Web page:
Upon receipt of a request for an accommodation by a qualified student, the Student Disability Services Coordinator will engage in an interactive process with the student making the request. This interactive process will be an informal process designed to determine the nature of the limitations resulting from the disability and the appropriate accommodation(s) that will overcome this limitation. As discussed earlier in this Policy, prior to providing an accommodation, the University reserves the right to require documentation prepared by an appropriate professional, including, but not limited to: (1) a statement regarding how the student’s disability affects a major life activity, and (2) a recommendation of a reasonable accommodation.

If the accommodation as initially provided is insufficient, upon receipt of notice of the insufficiency, the Student Disability Services Coordinator will make a good faith effort to implement any appropriate additional measures necessary to overcome the qualified individual’s limitations.

If a student requests accommodations directly from a faculty member and no letter of verification has been sent by the Student Disability Services Coordinator, it is the faculty member’s responsibility to inform the student that services are available and to refer the student to the Student Disability Services Coordinator to begin the process of verification of a disability and the subsequent notification of faculty. Except in cases of minor accommodations, such as sitting in the front of the classroom, faculty should not provide accommodations without verification from the Student Disability Services Coordinator. To provide accommodations without verification, or to refuse to provide accommodations recommended by the Student Disability Services Coordinator, exposes a faculty member and the University to legal liability. Faculty members are encouraged to consult with the Student Disability Services Coordinator or the University Compliance Officer/University Section 504 Compliance Coordinator if there are questions regarding accommodation issues.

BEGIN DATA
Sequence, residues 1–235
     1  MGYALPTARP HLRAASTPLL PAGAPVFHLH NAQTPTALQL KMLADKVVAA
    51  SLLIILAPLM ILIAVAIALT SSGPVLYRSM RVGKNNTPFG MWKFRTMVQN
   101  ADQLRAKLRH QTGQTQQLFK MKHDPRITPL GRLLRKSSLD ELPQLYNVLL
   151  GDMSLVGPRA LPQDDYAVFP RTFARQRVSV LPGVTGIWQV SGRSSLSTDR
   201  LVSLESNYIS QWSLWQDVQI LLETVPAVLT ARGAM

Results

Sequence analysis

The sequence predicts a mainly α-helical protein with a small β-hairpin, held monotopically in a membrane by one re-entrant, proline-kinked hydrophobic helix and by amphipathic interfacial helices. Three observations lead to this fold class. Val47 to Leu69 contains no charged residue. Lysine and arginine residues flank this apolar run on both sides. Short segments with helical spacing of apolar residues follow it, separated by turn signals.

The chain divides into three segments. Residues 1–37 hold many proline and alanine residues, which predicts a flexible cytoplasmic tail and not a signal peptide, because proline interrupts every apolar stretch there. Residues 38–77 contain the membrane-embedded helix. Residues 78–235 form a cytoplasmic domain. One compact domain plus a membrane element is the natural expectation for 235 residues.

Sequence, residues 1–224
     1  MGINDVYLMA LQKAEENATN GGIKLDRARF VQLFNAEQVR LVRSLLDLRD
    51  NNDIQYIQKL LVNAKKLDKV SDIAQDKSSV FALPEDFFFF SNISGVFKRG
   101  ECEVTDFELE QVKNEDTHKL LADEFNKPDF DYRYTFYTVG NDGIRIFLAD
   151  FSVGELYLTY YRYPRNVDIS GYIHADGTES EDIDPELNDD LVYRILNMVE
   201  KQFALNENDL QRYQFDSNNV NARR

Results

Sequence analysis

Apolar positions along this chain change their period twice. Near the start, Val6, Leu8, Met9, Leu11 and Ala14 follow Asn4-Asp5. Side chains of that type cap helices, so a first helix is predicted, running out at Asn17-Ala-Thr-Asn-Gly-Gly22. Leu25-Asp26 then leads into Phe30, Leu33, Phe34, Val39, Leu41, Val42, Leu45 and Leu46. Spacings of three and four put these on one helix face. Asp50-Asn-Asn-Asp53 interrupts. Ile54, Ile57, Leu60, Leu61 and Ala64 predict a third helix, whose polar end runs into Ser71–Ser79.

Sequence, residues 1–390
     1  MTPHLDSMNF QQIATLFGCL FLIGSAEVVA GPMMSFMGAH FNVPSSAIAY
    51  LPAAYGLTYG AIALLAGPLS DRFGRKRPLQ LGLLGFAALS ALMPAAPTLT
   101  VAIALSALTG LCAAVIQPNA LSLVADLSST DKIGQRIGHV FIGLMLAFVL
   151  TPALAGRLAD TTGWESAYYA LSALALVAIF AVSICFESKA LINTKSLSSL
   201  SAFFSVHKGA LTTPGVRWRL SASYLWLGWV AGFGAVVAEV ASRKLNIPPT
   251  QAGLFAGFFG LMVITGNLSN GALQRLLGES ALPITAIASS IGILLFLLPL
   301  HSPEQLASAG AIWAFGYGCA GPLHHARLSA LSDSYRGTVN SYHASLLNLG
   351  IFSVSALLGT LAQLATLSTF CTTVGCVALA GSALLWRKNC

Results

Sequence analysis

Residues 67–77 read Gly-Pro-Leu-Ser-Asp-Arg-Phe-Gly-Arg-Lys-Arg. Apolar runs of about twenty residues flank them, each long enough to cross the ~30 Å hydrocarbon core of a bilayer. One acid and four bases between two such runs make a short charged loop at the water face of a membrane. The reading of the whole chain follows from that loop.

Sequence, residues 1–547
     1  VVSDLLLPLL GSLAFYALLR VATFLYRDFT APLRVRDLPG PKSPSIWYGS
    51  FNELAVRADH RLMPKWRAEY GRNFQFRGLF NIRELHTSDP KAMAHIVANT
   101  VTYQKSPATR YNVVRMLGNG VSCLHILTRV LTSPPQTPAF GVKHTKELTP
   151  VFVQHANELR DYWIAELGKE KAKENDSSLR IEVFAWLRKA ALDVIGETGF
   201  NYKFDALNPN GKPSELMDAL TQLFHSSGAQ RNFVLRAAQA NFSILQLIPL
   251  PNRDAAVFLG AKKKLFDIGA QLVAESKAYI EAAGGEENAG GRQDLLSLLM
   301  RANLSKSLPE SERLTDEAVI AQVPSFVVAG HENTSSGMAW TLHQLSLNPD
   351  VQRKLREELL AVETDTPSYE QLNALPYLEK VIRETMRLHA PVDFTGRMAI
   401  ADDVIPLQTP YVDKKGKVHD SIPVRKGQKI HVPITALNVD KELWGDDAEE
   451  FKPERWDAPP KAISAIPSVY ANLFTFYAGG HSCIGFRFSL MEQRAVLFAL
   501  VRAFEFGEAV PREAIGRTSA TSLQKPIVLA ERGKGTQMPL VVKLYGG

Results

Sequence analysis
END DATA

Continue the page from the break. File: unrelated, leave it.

Oklahoma City University is committed to complying with the recommendations of the Advisory Commission on Accessible Instructional Materials. The University will provide accessible instructional materials for individuals with visual disabilities, including materials in alternate formats, such as Braille, large print, accessible e-text, and/or audio versions of online courses and materials.

VII. Confidentiality and Notification of Accommodation

Information and records about individual disabilities are treated as confidential information under applicable federal and state laws and are only provided to individuals on a need-to-know basis and/or when authorized by the student.

A qualified student who has received an approved academic or classroom-related accommodation for his or her disability will receive an access plan letter each semester for each class in which the student is enrolled. It is the responsibility of the student to provide the access plan letter to their faculty member.

VIII. Grievance Procedure

The University has adopted a Nondiscrimination Policy and equity resolution process for all complaints of discrimination, including complaints of disability discrimination, retaliation, harassment, or failure to provide a reasonable accommodation. The nondiscrimination policy and equity resolution process may be accessed online here.

The Chief Human Resources Officer (CHRO) serves as the University’s Section 504 and ADA Compliance Officer. The CHRO is located in Room 205 of the Clara Jones Administration building and can be reached at 405.208.5075.

IX. Alternative Remedies

A student claiming discrimination, harassment, or retaliation based on a disability may also file a complaint with:

Kansas City Office
Office for Civil Rights
U.S. Department of Education
One Petticoat Lane
1010 Walnut Street, 3rd floor, Suite 320
Kansas City, MO 64106
Telephone: 816-268-0550
FAX: 816-268-0599; TDD: 800-877-8339
Email: OCR.KansasCity@ed.gov

X. Access to Regulations and Policies

Any student wishing to view copies of Section 504 of the Rehabilitation Act of 1973, the Americans with Disabilities Act, as amended in 2008, or this Policy may do so by visiting the office of the Student Disability Services Coordinator or follow the links below.

Section 504
Section 504 Frequently Asked Questions
About the ADA Statutes